It was a relief to drive away,
leave the weight of her
to the day nurse
whose broad hands could lift,
clean, and dress her.
Soon, I will call you to sit in silence,
both of us losing a role as daughter.
Later I will make a chair of my body
stiff, expectant for her restless flesh,
which had become an empty cage.
Anytime now, the day nurse keeps saying.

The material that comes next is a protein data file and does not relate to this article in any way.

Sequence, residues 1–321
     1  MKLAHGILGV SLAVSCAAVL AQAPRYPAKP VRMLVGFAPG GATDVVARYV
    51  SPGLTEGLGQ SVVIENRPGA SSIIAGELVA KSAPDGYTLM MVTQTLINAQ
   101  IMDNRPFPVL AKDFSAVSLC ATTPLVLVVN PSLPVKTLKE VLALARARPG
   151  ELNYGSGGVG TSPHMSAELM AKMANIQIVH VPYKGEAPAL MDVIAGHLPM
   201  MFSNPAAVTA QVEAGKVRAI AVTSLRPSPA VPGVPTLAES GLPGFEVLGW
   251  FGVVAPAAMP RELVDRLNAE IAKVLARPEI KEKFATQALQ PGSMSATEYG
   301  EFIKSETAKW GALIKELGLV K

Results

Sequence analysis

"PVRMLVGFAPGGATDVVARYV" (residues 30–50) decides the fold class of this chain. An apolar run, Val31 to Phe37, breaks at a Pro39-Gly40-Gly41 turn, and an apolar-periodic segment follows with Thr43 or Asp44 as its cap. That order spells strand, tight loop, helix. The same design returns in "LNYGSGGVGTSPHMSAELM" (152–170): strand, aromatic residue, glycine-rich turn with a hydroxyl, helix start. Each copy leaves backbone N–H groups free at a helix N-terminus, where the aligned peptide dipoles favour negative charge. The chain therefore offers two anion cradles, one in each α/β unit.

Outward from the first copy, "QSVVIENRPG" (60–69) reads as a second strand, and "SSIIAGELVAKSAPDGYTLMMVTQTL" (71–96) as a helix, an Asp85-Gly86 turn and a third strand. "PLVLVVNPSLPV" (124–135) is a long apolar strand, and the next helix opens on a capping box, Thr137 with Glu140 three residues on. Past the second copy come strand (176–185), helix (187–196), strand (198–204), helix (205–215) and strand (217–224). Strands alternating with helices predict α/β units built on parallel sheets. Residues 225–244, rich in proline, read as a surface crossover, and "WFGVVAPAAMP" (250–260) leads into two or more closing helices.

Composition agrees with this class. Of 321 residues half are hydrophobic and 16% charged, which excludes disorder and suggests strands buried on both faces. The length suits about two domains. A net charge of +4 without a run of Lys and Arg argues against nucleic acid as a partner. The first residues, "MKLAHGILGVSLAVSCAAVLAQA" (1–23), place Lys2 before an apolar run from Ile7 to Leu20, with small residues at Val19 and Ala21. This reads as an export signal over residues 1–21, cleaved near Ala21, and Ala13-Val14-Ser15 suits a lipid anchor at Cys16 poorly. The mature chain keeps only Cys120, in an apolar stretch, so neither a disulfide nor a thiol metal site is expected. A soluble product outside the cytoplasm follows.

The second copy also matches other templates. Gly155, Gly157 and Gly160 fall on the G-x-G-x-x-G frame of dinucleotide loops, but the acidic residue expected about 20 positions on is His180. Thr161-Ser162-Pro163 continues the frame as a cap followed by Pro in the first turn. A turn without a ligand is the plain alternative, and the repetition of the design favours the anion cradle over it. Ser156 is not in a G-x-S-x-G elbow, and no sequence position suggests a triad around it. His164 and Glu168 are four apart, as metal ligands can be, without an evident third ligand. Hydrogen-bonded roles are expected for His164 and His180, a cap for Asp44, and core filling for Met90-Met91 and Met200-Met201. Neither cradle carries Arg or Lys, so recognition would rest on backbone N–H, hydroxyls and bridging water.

She’s seen so many imminent deaths.
She won’t be there and probably never is
when that door swings open.
The inevitable tug
between wanting the suffering to stop
only to find more suffering as
grief is the same as fear—
Daughters holding an umbilical cord
left like a fossil of escape,
saved for years in layers of freezer ice
growing thicker each time the air hits it.